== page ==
He was an English monk, educated near the borders of Scotland, and lived some time under the direction of the holy priest and monk, Saint Egbert, whom he accompanied into Ireland. Saint Egbert was hindered himself from passing into Lower Germany, according to his zealous desire, to preach the gospel to the infidels: and Wigbert, who first went into Friesland upon that errand, was thwarted in all his undertakings by Radbod, prince of that country, and returned home without success. Saint Egbert, burning with an insatiable zeal for the conversion of those souls, which he ceased not with many tears to commend to God, stirred up others to undertake that mission. Saint Swidbert was one of the twelve missionaries, who, having Saint Willibrord at their head, sailed into Friesland, in 690, according to the direction of Saint Egbert. They landed at the mouth of the Rhine, as Alcuin assures us, and travelled as high as Utrecht, where they began to announce to the people the great truths of eternal life. Pepin of Herstal, mayor of the French palace, had conquered part of Friesland, eighteen months before, and compelled Radbod, who remained sovereign in the northern part, to pay an annual tribute. The former was a great protector and benefactor to these missionaries, nor did the latter oppose their preaching. Saint Swidbert laboured chiefly in Hither Friesland, which comprised the southern part of Holland, the northern part of Brabant, and the countries of Gueldres and Cleves: for in the middle age, Friesland was extended from the mouths of the Meuse and the Rhine, as far as Denmark and ancient Saxony. An incredible number of souls was drawn out of the sink of idolatry, and the most shameful vices, by the zeal of Saint Swidbert. Saint Willibrord was ordained archbishop of Utrecht by Pope Sergius I. at Rome, in 696. Saint Swidbert was pressed by his numerous flock of converts, and by his fellow-labourers, to receive the episcopal consecration: for this purpose he returned to England soon after the year 697, where he was consecrated regionary bishop to preach the gospel to infidels, without being attached to any see, by Wilfrid, bishop of York, who happened to be then banished from his own see, and employed in preaching the faith in Mercia. Either the see of Canterbury was still vacant after the death of Saint Theodorus, or Brithwald, his successor, was otherwise hindered from performing that ceremony, and Saint Swidbert had probably been formerly known personally to Saint Wilfrid, being both from the same kingdom of Northumberland. Our saint, invested with that sacred character, returned to his flock, and settled the churches which he had founded in good order: then leaving them to the care of Saint Willibrord and his ten companions, he penetrated further into the country, and converted to the faith a considerable part of the Boructuarians, who inhabited the countries now called the duchy of Berg, and the county of La Marck.
His apostolic labours were obstructed by an invasion of the Saxons, who, after horrible devastations, made themselves masters of the whole country of the Boructuarians. Saint Swidbert, being at length desirous to prepare himself for his last hour, in retirement, by fervent works of penance, received of Pepin of Herstal the gift of a small island, formed by different channels of the Rhine, and another river, called Keiserswerdt, that is, island of the emperor; werdt, in the language of that country, signifying an island. Here the saint built a great monastery, which flourished for many ages, till it was converted into a collegiate church of secular canons. A town, which was formed round this monastery, bore long the name of Saint Swidbert’s Isle, but is now called by the old name, Keiserswerdt, and is fortified: it is situated on the Rhine, six miles below Dusseldorp: a channel of the Rhine having changed its course, the place is no longer an island. Saint Swidbert here died in peace, on the 1st of March, in 713. His feast was kept with great solemnity in Holland and other parts where he had preached. Henschenius has given us a panegyric on him, preached on this day by Radbod, bishop of Utrecht, who died in 917. His relics were found in 1626 at Keiserswerdt, in a silver shrine, together with those of Saint Willeic, likewise an Englishman, his successor in the government of this abbey; and are still venerated in the same place, except some small portions given to other churches by the archbishop of Cologne. His successor, Saint Willeic, is commemorated on the 2nd of March, by Wilson, in his English Martyrology, in the first edition, an. 1608, (though omitted in the second edition, an. 1628,) and is mentioned among the English saints, by F. Edward Maihew, Trophæa Congregationis Anglicanæ Bened. Rhemis, 1625; and F. Jerom Porter, in his Flores Sanctorum Angliæ, Scotiæ, et Hiberniæ. Duaci, 1632.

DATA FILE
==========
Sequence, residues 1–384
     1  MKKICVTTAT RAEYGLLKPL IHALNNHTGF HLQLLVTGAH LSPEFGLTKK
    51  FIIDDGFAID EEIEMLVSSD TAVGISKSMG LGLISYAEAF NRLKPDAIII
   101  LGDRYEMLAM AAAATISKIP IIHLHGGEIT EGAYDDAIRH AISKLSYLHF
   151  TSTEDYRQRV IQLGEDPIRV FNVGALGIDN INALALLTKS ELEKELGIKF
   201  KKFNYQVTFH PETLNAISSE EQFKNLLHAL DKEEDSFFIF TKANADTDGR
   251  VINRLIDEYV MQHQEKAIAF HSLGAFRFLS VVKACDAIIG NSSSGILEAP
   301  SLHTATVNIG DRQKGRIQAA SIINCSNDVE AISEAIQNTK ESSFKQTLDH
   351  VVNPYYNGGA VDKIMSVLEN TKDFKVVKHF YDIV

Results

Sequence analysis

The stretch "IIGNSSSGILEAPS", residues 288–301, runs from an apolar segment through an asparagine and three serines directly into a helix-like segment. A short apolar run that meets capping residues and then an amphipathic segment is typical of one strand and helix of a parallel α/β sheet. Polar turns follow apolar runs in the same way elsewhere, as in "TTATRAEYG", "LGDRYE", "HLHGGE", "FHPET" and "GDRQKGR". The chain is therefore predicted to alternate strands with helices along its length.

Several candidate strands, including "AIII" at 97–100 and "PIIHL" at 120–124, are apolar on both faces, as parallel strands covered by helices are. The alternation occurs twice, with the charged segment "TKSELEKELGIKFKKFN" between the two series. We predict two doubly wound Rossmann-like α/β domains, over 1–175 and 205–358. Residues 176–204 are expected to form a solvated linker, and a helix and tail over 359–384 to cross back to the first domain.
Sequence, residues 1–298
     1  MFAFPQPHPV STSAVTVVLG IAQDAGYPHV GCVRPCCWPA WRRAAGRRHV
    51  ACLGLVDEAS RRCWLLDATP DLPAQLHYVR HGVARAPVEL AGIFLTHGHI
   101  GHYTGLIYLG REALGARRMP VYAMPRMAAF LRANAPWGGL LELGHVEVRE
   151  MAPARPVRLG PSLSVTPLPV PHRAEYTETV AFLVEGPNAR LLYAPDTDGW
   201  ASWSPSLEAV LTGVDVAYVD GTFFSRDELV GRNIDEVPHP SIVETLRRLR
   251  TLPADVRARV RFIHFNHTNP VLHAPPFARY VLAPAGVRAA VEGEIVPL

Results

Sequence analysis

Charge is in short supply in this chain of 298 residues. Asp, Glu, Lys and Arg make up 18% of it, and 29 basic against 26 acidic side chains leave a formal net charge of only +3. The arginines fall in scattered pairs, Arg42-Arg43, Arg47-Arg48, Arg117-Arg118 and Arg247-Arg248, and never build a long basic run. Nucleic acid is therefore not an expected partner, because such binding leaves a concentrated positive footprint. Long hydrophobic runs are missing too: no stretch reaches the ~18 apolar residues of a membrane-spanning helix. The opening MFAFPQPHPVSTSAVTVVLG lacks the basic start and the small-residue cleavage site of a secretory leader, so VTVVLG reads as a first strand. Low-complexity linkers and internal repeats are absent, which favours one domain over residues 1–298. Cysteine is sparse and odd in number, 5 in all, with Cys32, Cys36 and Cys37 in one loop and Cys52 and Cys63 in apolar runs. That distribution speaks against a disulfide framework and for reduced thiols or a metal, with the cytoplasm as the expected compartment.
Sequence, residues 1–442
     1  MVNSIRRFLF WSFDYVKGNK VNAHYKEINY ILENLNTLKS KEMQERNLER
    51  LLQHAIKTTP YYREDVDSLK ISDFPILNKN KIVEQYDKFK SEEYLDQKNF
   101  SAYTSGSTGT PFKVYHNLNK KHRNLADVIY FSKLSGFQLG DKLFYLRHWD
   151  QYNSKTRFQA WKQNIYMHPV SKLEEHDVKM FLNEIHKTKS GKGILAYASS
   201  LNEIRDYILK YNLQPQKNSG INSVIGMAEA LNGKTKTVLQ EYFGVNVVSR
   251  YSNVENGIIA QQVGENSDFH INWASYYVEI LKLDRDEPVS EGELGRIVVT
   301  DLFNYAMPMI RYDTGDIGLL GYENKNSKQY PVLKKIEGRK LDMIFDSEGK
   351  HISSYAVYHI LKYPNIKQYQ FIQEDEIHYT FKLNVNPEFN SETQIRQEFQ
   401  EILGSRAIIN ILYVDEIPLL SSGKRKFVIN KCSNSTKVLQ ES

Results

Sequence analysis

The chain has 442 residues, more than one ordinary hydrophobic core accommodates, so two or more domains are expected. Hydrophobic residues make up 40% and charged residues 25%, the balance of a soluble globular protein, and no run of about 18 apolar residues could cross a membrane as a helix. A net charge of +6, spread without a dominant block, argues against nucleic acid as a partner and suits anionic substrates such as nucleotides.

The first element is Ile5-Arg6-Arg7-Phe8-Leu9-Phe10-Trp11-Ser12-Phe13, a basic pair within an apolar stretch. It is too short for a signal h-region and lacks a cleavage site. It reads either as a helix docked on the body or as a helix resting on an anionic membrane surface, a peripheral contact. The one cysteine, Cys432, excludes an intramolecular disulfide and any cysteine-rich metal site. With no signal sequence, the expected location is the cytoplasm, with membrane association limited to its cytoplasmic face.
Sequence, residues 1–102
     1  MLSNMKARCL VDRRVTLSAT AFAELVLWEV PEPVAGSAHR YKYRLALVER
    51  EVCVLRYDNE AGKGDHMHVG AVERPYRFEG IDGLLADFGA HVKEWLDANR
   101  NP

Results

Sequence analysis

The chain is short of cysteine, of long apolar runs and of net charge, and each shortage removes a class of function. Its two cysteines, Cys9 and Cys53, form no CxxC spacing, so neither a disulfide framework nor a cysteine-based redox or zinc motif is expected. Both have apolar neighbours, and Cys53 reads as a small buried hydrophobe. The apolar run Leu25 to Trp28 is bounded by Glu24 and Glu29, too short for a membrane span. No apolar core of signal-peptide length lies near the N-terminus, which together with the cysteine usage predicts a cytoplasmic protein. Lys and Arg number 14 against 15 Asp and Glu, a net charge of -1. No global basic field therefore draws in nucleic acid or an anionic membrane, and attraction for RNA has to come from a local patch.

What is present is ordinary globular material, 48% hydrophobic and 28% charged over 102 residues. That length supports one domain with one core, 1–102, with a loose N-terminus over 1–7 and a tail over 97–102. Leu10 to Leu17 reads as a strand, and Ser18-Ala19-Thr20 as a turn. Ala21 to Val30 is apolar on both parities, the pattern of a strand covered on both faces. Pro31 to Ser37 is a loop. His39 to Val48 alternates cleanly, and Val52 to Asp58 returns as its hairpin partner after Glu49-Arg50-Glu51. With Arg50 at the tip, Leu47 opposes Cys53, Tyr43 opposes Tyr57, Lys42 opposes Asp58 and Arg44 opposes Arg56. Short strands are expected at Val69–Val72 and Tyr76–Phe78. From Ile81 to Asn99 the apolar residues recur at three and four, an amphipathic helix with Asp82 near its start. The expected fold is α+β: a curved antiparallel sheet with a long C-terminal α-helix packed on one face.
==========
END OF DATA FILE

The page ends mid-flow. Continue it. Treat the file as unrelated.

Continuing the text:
- Father Alban Butler. “Saint Swidbert, or Swibert, the Ancient, Bishop and Confessor”. , 1866. Saints.SQPN.com. 28 February 2013. Web. 3 March 2015. <>